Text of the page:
hidden inside "../xlib/$(CROSS_NAME)" with other auxiliary files, but,
       and this is important to note, there should be no "" for host
       miniperl.  If you'll get an error that perl could not find
       somewhere in building process this means something went wrong. Most
       probably you forgot to specify a cross-compilation when invoking
       miniperl.exe to Makefile.PL When building an extension for cross-
       compilation your command line should look like

       PerlCE is currently linked with a simple console window, so it also
       works on non-hpc devices.

       The simple stdio implementation creates the files "stdin.txt",
       "stdout.txt" and "stderr.txt", so you might examine them if your
       console has only a limited number of cols.

       When exitcode is non-zero, a message box appears, otherwise the console
       closes, so you might have to catch an exit with status 0 in your
       program to see any output.

       stdout/stderr now go into the files "/perl-stdout.txt" and

       PerlIDE is handy to deal with perlce.

       No fork(), pipe(), popen() etc.

       All environment vars must be stored in HKLM\Environment as strings.
       They are read at process startup.

           Usual perl lib path (semi-list).

           Semi-list for executables.

       TMP - Tempdir.

           - Root for accessing some special files, i.e. "/dev/null",

           - Rows/cols for console.

           - Home directory.

           - Size for console font.

       You can set these with cereg.exe, a (remote) registry editor or via the

       To start perl by clicking on a perl source file, you have to make the
       according entries in HKCR (see "ce-helpers/wince-reg.bat").  cereg.exe
       (which must be executed on a desktop pc with ActiveSync) is reported
       not to work on some devices.  You have to create the registry entries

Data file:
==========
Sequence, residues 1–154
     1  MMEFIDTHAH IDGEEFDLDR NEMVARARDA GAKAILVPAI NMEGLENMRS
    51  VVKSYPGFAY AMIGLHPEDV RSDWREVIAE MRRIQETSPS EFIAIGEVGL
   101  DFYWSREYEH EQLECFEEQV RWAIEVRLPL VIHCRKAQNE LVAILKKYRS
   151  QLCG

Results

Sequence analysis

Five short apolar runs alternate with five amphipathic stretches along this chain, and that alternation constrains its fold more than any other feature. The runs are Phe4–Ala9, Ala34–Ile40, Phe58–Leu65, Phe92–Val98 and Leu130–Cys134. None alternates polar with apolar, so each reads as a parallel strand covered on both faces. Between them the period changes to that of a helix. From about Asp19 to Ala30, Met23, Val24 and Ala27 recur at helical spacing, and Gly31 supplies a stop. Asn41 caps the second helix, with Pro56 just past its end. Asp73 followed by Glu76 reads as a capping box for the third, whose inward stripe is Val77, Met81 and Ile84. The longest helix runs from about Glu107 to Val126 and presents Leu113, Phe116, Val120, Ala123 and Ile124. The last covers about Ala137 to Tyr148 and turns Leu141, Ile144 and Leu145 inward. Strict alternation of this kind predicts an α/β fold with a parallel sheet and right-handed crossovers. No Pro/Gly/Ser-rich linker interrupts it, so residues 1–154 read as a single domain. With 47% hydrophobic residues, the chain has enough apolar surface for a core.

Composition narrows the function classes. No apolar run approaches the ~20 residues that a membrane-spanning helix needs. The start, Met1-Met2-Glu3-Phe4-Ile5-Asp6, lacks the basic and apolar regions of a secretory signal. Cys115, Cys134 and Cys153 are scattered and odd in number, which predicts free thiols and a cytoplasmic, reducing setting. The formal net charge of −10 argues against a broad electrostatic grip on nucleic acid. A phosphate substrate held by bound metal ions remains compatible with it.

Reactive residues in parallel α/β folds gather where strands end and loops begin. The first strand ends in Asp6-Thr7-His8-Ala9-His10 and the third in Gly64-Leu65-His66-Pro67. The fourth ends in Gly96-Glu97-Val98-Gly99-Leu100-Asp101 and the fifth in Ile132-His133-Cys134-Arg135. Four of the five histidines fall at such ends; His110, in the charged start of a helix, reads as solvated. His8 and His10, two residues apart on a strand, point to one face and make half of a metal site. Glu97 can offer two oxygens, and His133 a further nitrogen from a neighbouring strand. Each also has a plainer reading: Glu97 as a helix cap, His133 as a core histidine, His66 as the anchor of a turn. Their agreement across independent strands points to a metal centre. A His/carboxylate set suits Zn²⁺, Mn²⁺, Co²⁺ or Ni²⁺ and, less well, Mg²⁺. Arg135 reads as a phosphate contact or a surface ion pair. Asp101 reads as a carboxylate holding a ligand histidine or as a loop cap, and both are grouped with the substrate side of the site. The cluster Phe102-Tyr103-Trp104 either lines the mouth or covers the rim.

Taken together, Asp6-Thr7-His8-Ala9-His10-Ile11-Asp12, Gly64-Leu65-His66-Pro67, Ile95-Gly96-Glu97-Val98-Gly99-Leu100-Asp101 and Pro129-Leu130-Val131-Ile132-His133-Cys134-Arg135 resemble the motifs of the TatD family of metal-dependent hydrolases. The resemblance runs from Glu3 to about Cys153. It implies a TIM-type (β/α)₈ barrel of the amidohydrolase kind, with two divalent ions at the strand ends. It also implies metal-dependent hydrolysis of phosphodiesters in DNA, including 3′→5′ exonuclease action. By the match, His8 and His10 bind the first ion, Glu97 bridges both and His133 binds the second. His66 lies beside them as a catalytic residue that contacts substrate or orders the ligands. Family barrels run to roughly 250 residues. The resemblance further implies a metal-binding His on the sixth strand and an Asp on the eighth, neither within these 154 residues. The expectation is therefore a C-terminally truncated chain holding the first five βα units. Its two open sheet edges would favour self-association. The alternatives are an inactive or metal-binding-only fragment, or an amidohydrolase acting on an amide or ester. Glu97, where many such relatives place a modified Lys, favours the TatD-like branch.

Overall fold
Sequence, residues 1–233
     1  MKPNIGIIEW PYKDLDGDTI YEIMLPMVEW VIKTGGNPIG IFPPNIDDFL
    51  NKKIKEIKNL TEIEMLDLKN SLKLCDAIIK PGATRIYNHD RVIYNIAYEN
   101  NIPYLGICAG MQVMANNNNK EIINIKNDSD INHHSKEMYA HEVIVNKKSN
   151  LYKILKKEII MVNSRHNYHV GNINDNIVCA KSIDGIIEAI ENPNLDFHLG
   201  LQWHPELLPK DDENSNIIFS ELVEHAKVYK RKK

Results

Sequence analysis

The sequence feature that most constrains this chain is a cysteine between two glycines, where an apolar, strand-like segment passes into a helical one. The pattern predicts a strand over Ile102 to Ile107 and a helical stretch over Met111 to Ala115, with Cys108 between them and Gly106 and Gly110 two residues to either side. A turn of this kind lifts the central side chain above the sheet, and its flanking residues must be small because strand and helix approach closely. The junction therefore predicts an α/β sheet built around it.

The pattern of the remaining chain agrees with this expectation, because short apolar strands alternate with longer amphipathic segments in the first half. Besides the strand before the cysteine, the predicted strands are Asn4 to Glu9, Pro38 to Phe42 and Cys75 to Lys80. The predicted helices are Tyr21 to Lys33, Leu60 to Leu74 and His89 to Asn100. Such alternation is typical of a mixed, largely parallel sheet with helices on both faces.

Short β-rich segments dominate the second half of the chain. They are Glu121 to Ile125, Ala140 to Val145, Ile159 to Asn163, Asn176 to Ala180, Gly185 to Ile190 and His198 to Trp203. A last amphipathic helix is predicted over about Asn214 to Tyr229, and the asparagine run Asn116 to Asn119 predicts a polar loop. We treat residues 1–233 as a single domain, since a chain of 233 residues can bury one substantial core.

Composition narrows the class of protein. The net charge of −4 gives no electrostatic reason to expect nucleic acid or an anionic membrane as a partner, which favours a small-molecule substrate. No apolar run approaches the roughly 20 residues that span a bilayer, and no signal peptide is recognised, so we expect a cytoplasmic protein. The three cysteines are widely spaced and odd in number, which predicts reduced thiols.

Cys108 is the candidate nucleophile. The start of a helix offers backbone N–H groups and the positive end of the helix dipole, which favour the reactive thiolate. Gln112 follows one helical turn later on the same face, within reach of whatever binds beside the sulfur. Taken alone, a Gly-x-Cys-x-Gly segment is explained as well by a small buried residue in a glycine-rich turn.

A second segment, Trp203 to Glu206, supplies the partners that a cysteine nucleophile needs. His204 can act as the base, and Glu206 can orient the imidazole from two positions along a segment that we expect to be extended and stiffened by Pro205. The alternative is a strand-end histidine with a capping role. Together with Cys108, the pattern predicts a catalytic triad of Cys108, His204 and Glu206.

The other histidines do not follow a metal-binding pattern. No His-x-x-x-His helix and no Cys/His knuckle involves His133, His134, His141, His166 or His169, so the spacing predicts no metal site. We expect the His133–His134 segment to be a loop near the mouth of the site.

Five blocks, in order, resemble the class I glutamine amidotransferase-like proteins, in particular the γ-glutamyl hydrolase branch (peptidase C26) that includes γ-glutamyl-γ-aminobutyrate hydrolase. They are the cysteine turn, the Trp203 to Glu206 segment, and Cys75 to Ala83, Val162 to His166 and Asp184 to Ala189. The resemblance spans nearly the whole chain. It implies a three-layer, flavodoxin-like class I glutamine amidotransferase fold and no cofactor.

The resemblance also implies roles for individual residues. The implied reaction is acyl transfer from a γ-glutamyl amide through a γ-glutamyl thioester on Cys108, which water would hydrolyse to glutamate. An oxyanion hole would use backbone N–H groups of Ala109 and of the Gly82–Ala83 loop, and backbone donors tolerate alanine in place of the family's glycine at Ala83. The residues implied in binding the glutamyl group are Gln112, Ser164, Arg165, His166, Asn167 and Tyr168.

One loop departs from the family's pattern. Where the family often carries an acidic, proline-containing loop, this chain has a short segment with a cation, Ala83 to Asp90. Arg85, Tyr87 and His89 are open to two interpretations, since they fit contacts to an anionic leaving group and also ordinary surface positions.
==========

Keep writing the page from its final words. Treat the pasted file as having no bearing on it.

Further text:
by hand using a registry editor.
               newXS("Win32::Sleep", w32_Sleep, file);
               newXS("Win32::MessageBox", w32_MessageBox, file);
               newXS("Win32::GetPowerStatus", w32_GetPowerStatus, file);
               newXS("Win32::GetOemInfo", w32_GetOemInfo, file);
               newXS("Win32::ShellEx", w32_ShellEx, file);

       Opening files for read-write is currently not supported if they use
       stdio (normal perl file handles).

       If you find bugs or if it does not work at all on your device, send
       mail to the address below. Please report the details of your device
       (processor, ceversion, devicetype (hpc/palm/pocket)) and the date of
       the downloaded files.

       Currently installation instructions are at

       After installation & testing processes will stabilize, information will
       be more precise.

       The port for Win32 was used as a reference.

History of WinCE port
           Initial port of perl to WinCE. It was performed in separate
           directory named "wince". This port was based on contents of
           "./win32" directory.  "miniperl" was not built, user must have HOST
           perl and properly edit "makefile.ce" to reflect this.

           wince port was kept in the same "./wince" directory, and
           "wince/Makefile.ce" was used to invoke native compiler to create
           HOST miniperl, which then facilitates cross-compiling process.
           Extension building support was added.

           Two directories "./win32" and "./wince" were merged, so perlce
           build process comes in "./win32" directory.

       Rainer Keuchel <>
           provided initial port of Perl, which appears to be most essential
           work, as it was a breakthrough on having Perl ported at all.  Many
           thanks and obligations to Rainer!

       Vadim Konovalov
           made further support of WinCE port.

perl v5.14.2                      2011-09-26                         PERLCE(1)